TechDirt: Google Files Legal Challenge To Attorney General Jim Hood’s Subpoenas

TechDirt: Google Files Legal Challenge To Attorney General Jim Hood’s Subpoenas:

from the well,-well dept

This story sure escalated in a hurry. Following all the news of the MPAA’s tight relationship with Mississippi Attorney General Jim Hood, Google has made a filing in a Mississippi federal court seeking a temporary restraining order and an injunction against Hood’s investigation. As the filing notes:

For the last eighteen months, the Mississippi Attorney General has threatened to prosecute, sue, or investigate Google unless it agrees to block from its search engine, YouTube video-sharing site, and advertising systems, third-party content (i.e., websites, videos, or ads not created by Google) that the Attorney General deems objectionable. When Google did not agree to his demands, the Attorney General retaliated, issuing an enormously burdensome subpoena and asserting that he now has “reasonable grounds to believe” that Google has engaged in “deceptive” or “unfair” trade practice under the Mississippi Consumer Protection Act (MCPA), which allows for both civil and criminal sanctions. The Attorney General did so despite having publicly acknowledged in a letter to Congressional leaders that “federal law prevents State and local law enforcement agencies from prosecuting” Internet platforms. The Attorney General took these actions following a sustained lobbying effort from the Motion Picture Association of America.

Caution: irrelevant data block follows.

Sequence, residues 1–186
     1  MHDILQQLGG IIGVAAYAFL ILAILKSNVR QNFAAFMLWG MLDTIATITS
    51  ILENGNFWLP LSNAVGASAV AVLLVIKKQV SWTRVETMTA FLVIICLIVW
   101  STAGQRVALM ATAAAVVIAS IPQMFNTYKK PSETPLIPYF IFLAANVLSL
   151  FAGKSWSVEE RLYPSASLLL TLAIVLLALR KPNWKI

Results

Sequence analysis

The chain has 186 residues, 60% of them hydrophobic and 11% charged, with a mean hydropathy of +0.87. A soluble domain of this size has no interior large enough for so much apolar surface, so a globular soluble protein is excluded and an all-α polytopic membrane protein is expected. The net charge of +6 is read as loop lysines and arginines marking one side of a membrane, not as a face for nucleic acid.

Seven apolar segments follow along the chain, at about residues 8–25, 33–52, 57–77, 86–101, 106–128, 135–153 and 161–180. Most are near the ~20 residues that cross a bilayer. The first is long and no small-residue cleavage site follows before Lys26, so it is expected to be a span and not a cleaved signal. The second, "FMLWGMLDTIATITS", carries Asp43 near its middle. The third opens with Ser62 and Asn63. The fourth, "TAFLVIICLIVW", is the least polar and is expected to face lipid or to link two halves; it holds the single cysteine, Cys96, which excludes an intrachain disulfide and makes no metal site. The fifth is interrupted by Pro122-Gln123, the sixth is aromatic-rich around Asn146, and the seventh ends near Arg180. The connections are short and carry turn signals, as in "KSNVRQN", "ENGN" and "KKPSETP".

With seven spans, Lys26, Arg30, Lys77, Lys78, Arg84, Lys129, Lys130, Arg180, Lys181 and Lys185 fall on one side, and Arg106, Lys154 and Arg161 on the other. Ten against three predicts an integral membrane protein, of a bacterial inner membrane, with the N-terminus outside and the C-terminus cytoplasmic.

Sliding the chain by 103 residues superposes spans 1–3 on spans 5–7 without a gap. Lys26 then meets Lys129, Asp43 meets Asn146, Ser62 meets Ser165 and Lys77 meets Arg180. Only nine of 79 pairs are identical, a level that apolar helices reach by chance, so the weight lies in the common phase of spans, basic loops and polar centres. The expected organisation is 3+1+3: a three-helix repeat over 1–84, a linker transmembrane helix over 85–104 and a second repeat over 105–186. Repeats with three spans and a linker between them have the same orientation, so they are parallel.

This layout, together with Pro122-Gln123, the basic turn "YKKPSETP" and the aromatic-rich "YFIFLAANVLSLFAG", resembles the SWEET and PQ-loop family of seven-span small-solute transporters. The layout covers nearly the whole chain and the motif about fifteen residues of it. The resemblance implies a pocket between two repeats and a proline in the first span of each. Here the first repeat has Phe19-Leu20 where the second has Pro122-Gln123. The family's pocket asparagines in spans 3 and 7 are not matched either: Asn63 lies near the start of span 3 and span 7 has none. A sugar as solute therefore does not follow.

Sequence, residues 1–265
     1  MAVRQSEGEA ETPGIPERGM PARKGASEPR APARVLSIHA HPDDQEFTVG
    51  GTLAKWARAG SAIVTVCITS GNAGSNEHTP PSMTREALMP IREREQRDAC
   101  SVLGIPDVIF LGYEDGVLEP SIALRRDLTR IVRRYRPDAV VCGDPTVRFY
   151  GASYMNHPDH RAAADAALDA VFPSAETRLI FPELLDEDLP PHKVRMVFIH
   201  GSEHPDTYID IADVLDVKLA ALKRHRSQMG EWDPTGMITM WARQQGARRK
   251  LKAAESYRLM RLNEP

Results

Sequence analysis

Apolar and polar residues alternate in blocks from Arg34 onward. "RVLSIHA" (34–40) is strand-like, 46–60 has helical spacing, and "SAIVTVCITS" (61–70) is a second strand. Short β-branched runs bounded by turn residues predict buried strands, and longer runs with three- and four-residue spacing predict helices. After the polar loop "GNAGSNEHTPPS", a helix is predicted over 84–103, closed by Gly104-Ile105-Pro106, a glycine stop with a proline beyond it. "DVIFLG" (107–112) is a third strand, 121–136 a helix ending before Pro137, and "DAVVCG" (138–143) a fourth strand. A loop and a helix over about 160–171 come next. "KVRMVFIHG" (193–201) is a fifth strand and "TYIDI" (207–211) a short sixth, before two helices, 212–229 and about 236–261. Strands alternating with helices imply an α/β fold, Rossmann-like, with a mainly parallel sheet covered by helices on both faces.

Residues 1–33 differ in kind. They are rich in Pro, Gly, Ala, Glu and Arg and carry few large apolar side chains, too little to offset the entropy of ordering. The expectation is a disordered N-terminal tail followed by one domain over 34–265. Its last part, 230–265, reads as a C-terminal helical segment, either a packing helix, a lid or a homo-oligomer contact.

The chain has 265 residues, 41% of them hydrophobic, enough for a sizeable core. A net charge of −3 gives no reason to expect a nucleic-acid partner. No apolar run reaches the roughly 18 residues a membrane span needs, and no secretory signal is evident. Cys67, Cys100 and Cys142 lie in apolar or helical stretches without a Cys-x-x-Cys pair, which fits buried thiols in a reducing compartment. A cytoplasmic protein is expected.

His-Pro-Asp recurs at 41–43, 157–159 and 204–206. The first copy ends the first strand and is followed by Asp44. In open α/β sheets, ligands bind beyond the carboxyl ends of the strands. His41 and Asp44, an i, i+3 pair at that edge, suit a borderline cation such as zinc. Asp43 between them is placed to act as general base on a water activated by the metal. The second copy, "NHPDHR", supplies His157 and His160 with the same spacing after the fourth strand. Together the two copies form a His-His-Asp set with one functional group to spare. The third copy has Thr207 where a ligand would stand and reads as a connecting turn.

As Google explains, there is no legal basis for this investigation: …

This entry was posted in Informational privacy. Bookmark the permalink.

Comments are closed.